4. Shop Around
If you were looking to take out a conventional personal loan or to refinance a student loan, you would shop around for the best rates and terms. It should be no different (although there is a lot more leg work involved) when you’re looking to pawn something.
Check out the local pawn shops and don’t forget to check out online pawn shops too. Some pawn shops specialize in particular items. If your item falls into a category, a shop specializes in, target that shop first. A specialized shop won’t be as flooded with merchandise as a more general shop so you may get a better offer.
For many people the idea of negotiating or haggling is intimidating. But you need money so negotiating for the best price is essential. This is where the research you did into the value of your item will come in handy.
Rule #1 of any negotiation is not to speak first. Pawn shop owners are better than this than we are as it’s literally part of their job and something they do every day. But hold your ground. If you’re asked how much you need, don’t throw out a number. Instead, ask how much they’re willing to offer and go from there. (I’m sweating just writing that!).
You’re going to be beaten by experience, but you’ve got a better shot at getting more money for your item with even a clumsy attempt at negotiating than no attempt at all. Practice at home in front of the mirror before you go!
Remember, you’re under no obligation to accept an offer, and there are plenty of other pawn shops out there if the first one you try doesn’t make what seems like a fair offer to you. Have a minimum number in your head, a cross between how much you need and how much your research has shown the item to be worth. Walk away if the offers you’re getting aren’t coming close to either.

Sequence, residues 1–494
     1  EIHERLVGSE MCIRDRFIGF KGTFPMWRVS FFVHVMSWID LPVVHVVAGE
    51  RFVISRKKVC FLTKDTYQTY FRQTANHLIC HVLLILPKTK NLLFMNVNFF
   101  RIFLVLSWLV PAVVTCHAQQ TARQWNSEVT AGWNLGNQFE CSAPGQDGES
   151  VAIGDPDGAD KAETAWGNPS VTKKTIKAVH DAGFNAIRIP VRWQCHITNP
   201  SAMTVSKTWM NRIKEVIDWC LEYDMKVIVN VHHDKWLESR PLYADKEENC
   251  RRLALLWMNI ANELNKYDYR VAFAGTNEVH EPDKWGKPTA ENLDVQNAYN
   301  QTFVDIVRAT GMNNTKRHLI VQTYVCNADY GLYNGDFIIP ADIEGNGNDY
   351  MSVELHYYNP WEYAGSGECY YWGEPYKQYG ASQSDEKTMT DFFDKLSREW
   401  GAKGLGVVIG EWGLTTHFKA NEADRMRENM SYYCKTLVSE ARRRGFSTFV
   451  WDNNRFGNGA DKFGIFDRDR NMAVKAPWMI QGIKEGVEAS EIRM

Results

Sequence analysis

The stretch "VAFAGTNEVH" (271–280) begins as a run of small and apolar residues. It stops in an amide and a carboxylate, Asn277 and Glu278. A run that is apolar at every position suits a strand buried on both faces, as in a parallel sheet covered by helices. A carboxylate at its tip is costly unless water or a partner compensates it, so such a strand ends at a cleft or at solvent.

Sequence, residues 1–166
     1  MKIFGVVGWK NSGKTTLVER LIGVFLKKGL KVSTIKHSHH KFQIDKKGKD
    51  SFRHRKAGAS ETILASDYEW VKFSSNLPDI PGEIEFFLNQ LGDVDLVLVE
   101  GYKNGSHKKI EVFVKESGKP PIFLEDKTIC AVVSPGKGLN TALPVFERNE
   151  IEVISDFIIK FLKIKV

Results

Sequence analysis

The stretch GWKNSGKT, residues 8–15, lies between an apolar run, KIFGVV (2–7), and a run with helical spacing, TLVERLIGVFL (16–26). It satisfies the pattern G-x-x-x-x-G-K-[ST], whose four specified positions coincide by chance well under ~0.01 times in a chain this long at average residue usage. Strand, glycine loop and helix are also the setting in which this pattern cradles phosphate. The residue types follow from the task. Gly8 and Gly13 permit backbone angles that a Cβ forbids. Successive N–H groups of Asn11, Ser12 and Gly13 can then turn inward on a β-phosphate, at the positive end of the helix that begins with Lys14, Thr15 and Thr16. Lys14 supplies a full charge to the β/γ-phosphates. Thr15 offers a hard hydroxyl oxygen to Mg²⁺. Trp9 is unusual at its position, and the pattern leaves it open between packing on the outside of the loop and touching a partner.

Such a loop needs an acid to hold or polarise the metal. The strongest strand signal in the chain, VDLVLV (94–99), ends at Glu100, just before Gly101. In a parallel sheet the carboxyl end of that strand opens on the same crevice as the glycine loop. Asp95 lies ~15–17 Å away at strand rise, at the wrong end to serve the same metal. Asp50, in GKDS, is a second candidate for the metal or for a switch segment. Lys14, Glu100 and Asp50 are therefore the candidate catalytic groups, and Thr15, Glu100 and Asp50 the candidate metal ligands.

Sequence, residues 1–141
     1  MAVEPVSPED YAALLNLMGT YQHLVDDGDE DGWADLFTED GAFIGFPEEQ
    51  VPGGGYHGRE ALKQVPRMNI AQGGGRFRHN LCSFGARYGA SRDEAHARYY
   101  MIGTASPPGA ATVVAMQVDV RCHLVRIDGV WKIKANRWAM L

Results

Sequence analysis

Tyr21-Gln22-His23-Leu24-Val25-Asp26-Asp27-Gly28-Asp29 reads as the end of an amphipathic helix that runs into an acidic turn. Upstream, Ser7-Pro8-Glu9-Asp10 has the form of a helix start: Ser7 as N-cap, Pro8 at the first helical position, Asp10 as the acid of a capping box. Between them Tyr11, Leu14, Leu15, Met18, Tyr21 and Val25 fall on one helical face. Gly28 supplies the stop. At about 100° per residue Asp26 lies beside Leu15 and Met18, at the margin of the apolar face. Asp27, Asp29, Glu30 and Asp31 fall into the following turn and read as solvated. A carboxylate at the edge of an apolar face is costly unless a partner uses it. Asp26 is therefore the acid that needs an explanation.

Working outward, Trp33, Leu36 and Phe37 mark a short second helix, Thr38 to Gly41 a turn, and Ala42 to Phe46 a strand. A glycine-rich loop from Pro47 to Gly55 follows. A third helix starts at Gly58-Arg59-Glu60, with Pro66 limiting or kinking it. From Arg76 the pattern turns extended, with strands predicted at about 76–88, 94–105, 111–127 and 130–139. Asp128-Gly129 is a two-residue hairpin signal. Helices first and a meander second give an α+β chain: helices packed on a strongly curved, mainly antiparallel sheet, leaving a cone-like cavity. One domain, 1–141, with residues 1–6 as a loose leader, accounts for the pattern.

6. Understand the Rules
While pawn shops are a legitimate business so are banks, and we’ve all seen how banks skirt rules and regulations. Most pawn shops operate above board, but they don’t have a somewhat shady reputation for nothing. Before you go into a pawn shop, understand the rules and regulations they must follow.
Laws regulating pawn shops vary by location, but they are all subject to federal laws that apply to other entities designated as financial institutions including the Truth-in-Lending Act, Bank Secrecy Act, and IRS regulations that require reporting of certain cash transactions.
Because pawn shops are a natural place to turn stolen goods into cash, sellers and borrowers are required to provide identification and a full description of the item being pawned or sold. The information is then sent to a law enforcement agency.
7. Clean it Up
If you were selling your home, you wouldn’t let the realtor show it while there were dirty clothes and dishes everywhere and an inch thick layer of dust coating everything. The same is true for whatever you’re pawning. Clean it, shine it, make it sparkle.
It Works Both Ways
Because Wall Street Insanity is about all things money, we’d be remiss if we didn’t mention the other side of the pawn shop business. A pawn shop can be an excellent resource for buying a wide variety of items at much better than retail prices and is a more environmentally friendly way to shop.
And if you’re going to go shopping at a pawn shop, much of the same advice applies. Do your research, shop around, and negotiate.
Think Outside the Box
I’ll venture to guess that most people have never ventured into a pawn shop, nevermind considered them a source of quick cash in a financial emergency. But many of the conventional sources of fast cash are either closed to some people or come with interest rates and fees that can make an already bad financial situation even worse.
If you need quick cash and don’t have an emergency fund, a pawn shop can be a good solution. In fact, with a little research, buying items at places like garage or estate sales and reselling them at pawn shops can even be turned into a nice little side hustle. Happy pawning!